This recipe is brought to you by – my ENTIRE CHILDHOOD.
When I was growing up (IN THE EIGHTIES. I miss the eighties.), my mom have a fine-tuned meal rotation that almost never budged. Monday night was this. Tuesday night was that. Wednesday night was this, plus that. However, one meal in particular that never left me was this here Chinese Rice with Beeeeefaaaa.
That’s not to say I’ve been making it all these years. I’ve actually not eaten it since Family Ties was on. (Oh, Alex P. Keaton) But when my mom was up visiting a few weeks ago while Aaron was dudes tripping (hahaha! oh.) in south Texas, we made it again. AND IT’S ALL COMING BAAAACK TO ME NOOOOOW. (<–name that tune)
I might even be able to call this a Rewind Recipe, since it hails from my mom’s southern church lady friends when she and my dad got married back in the early ’70s. They gave her this recipe (among others) as a present! Isn’t that cute? You’re like, NO WAY I WANT ALL THE SPATULAS.
Don’t ask me what makes this Chinese Rice. I have no idea. There’s no soy sauce in it. No fish sauce, no sesame oil, no miso. No nuttin’. (SIDE NOTE: My mom just texted and said, “Ohhhhh yeaaaah, we were supposed to add a tablespoon of soy sauce at the end. Oops?” You guys, omg.)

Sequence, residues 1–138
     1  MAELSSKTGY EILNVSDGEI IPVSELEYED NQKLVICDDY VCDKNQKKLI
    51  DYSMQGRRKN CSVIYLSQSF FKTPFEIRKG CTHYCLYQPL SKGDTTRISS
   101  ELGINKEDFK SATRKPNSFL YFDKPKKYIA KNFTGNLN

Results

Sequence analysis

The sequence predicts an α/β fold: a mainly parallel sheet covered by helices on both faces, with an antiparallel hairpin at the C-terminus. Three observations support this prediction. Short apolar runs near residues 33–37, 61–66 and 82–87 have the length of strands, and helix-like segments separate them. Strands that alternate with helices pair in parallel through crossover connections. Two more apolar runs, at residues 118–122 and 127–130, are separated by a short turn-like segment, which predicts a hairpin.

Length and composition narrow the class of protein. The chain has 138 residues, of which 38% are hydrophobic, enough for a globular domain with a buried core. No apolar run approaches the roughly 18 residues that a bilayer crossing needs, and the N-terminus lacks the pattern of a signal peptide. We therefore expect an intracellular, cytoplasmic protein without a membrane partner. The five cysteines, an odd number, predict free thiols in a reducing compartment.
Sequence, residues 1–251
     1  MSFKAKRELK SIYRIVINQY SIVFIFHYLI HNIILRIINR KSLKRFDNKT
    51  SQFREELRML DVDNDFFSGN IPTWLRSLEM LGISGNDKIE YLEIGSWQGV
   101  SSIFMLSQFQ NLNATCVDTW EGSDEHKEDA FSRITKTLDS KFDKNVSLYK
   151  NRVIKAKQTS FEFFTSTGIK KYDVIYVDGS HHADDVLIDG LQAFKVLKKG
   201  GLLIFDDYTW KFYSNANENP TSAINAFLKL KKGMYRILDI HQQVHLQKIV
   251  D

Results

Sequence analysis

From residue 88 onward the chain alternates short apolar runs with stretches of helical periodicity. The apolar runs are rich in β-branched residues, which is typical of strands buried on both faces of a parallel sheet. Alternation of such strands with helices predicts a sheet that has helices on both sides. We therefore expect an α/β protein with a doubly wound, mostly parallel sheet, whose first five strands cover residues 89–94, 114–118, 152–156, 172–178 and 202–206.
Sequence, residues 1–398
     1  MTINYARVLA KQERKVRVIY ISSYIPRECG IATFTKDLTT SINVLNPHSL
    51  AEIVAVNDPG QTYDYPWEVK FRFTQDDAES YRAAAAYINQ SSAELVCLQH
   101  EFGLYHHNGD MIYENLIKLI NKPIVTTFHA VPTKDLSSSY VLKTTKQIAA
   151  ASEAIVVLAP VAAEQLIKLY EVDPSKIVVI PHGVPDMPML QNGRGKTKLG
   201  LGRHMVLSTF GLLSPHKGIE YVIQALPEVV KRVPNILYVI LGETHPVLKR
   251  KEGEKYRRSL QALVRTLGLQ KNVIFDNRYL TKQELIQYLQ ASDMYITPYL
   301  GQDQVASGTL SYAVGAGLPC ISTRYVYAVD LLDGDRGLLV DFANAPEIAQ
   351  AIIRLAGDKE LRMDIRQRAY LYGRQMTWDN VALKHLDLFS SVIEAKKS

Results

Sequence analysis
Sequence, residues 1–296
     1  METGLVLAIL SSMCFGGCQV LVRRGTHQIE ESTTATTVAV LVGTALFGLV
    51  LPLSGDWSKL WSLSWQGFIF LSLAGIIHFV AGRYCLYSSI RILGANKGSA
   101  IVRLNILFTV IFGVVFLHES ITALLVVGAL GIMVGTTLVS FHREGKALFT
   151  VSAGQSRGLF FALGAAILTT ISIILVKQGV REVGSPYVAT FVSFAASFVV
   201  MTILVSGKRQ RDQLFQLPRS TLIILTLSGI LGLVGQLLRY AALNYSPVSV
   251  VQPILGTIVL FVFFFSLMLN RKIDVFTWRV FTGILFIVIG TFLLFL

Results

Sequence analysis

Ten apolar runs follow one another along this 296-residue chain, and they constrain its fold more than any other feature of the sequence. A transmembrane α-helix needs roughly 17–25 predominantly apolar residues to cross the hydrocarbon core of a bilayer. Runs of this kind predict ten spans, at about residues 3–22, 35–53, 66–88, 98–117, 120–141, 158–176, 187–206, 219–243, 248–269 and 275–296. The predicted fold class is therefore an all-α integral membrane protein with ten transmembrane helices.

But! It’s got seasoned beef bouillon cubes and butter, so I’m obviously surrendering my life to it.
The cooking method is extremely simple, and fabulously weeknight friendly. You sear some beef round cubes. You toast some white rice in butter. You add water that’s seasoned with the bouillon cubes. It’s sort of like risotto! But not as much stirring. Which means you can watch Family Ties reruns and not worry about burning the rice. Holla.
Right at the end you’ll add the beef back, and garnish with sliced almonds and scallions. THAT IS ALL.
As in, the recipe is complete. Wasn’t that so easy?
I do want to try something a little willy nilly the next time I make it. (which will be Sunday night September 18th because I’m a psycho planner) I want to try adding the beef back to the pan right after the toasting of the rice. I want that beef as tender as wilted flower petals, but I don’t want to lose any of the gorgeous searing on the outside. Not that the meat is tough! I just want it melting in my face. So, I’ll try it and get back to you. Thank you. Goodbye.
I’m dying for you to taste this. The scallions and almonds all mixed it with the seasoned rice will have you pretty much mad at the world. IT IS SO GOOD. How everything magically comes together in a flavor love fest we will never know. But thank the baby sloths it does.
Now get yourself in that.
The end. Forever.
Thanks, Mom! (And Alex P. Keaton)